FAQ: Frequently Asked Questions

[accordions one_opened_item=”true”] [accordion title=”Q: What is the general process for divorce?”]A: The divorce process can seem complex when you do not know what to expect.  The divorce process can be summarized into 4-5 general steps:

  1. File your Petition for Dissolution or Respond to an existing Petition.
  2. Prepare Financial Disclosures detailing all Marital Assets and Debts.
  3. Obtain Court Orders for Child Custody and Child/Spousal Support.
  4. Negotiate a Marital Settlement Agreement and obtain your divorce.
  5. Court Judgment for any and all issues you cannot settle by agreement.


[accordion title=”Q: How is child support calculated in California?”]A: A parent has an absolute duty to support their children financially whether or not they have custodial time with their children.  The Court will consider the income of both parties taking into account their current tax obligations.  The Court will also determine the exact timeshare between the parents.  The Court uses a state mandated child support formula considering the above criteria when it makes its Order for Child Support.

If there is an existing Court Order it can be modified if either party has had a change in income or if there has been a change in the parental timeshare.


[accordion title=”Q: How are assets and debts divided in a divorce?”]A: Generally speaking any asset or debt that a party has acquired before marriage will be considered separate property.  Likewise, any asset or debt acquired after the parties have separated is also separate property.  An asset or debt acquired during the marriage will be considered community property with some exceptions.  Typically a party will retain any separate property or separate debt following the Dissolution.  Any community asset or debt is normally divided equally between the parties.[/accordion]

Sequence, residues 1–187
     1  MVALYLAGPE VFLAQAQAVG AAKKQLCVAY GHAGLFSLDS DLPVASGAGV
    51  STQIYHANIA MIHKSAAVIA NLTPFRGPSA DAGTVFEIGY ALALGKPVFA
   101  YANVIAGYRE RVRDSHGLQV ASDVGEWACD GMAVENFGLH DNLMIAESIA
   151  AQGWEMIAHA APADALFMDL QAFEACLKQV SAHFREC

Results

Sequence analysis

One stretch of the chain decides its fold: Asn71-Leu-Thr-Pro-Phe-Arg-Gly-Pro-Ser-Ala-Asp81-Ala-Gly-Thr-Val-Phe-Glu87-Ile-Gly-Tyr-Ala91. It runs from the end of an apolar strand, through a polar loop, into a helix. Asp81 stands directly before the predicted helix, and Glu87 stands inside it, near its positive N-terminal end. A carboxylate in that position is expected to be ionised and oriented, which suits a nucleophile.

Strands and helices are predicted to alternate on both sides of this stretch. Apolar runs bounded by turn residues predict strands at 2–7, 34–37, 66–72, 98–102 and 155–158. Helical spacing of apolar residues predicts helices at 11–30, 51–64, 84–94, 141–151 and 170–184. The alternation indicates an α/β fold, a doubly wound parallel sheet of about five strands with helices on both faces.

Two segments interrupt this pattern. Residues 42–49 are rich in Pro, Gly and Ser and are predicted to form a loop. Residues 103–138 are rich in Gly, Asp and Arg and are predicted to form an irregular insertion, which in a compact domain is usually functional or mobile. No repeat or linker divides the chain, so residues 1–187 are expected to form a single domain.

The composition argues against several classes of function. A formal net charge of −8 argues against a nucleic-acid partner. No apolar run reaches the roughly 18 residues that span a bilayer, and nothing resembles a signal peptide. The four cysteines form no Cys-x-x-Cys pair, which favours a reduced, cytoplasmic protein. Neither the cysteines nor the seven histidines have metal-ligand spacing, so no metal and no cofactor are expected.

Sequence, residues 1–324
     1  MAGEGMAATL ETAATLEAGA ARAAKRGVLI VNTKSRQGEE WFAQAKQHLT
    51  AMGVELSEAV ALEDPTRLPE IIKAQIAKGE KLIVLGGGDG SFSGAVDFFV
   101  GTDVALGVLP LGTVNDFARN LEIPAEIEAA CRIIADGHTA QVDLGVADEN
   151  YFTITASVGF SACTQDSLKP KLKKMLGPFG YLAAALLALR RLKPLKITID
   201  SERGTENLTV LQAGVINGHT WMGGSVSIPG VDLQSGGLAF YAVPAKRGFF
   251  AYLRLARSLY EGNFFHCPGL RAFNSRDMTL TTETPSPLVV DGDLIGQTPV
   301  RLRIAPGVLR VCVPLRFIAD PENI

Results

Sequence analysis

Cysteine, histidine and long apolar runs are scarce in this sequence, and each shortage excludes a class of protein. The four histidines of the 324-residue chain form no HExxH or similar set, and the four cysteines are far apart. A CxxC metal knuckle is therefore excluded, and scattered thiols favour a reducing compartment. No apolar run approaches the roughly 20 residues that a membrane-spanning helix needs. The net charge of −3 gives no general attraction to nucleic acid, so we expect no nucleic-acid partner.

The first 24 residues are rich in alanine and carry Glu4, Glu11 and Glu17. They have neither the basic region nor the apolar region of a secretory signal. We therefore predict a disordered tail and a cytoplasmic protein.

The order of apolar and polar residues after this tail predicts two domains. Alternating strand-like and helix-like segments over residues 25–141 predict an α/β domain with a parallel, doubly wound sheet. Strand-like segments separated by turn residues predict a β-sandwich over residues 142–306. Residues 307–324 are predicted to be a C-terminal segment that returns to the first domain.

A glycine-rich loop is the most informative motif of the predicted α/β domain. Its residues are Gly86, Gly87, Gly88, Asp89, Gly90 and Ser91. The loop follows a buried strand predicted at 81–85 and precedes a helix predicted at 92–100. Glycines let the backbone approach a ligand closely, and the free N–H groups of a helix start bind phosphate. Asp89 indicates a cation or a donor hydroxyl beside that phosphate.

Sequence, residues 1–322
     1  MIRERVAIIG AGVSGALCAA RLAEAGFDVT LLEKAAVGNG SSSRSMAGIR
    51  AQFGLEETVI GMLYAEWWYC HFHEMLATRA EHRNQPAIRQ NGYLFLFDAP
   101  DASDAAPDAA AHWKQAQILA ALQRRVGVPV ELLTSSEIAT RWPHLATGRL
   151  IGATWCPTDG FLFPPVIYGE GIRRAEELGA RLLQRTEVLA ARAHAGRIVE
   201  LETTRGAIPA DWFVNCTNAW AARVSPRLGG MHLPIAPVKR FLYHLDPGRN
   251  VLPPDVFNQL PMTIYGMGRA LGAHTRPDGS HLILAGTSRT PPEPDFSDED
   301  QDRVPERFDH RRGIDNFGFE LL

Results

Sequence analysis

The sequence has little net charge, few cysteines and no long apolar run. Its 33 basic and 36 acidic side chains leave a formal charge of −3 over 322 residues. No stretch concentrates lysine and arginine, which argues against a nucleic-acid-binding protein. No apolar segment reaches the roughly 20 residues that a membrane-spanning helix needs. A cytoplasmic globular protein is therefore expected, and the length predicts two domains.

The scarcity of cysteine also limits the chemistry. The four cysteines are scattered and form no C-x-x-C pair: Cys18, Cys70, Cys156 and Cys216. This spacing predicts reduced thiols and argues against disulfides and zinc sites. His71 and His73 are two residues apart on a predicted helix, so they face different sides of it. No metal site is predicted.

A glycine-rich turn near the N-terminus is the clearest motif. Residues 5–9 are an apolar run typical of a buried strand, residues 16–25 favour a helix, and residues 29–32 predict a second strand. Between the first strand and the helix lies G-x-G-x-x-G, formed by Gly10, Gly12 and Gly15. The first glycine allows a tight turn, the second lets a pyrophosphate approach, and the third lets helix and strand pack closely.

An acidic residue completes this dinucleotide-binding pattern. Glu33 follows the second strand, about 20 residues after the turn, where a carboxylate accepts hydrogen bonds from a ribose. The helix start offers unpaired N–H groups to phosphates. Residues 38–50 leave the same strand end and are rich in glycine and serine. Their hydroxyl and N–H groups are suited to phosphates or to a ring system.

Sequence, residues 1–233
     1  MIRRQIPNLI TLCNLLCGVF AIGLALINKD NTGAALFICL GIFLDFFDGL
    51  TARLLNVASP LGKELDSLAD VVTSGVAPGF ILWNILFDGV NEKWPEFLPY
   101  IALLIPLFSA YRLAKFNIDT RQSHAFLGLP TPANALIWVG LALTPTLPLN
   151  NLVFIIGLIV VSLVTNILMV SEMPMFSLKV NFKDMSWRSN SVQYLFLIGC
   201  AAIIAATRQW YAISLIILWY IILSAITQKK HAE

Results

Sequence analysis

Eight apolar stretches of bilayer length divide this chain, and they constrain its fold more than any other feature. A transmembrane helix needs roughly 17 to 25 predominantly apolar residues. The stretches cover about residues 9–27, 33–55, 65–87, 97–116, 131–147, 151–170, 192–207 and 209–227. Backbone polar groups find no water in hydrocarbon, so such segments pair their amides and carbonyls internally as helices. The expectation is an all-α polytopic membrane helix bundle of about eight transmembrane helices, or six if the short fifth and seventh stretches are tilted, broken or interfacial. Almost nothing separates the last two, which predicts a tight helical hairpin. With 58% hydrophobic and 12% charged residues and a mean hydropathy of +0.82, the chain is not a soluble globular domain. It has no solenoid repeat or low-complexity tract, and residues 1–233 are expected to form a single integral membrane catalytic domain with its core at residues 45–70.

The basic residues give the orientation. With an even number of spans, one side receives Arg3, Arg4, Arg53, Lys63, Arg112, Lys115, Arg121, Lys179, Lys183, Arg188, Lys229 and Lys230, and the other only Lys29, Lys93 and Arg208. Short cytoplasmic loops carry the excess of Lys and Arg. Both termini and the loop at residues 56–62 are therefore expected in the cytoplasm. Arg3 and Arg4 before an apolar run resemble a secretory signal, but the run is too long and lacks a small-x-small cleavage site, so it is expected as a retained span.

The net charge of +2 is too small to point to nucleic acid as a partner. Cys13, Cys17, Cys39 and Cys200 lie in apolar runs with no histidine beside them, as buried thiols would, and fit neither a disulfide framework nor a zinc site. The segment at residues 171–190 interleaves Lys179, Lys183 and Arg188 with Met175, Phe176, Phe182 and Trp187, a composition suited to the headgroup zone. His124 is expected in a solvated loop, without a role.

[accordion title=”Q: How is child custody determined?”]A: Each and every child custody matter is unique as each family has its own history and particular circumstances.  The Court is guided by what is in the best interest of the child when making a decision with regard to custody and visitation.  The Court can consider most any evidence in making a determination as to what is in the best interests of a child.  It can determine the custody of child and a visitation schedule for both parents to follow.  However, it is usually best for the parents to make a mutually agreed to plan in the best interest of their child.  Because children need the support of both parents to succeed, it is vital for parents to set aside differences and agree to a custody plan together.  [/accordion]

[accordion title=”Q: Can the other parent move with our child?”]A: Generally a parent must have the consent of the other parent to move with a child.  If a parent does not agree to a move than it is the moving parent’s burden to convince the Court that it would be in the child’s best interest to move.  Every case is different and the Court will consider many circumstances such as the location for the move and the reason the parent wishes to leave.  If you are considering to move away a party should weigh the decision and consult an attorney before they move.  [/accordion]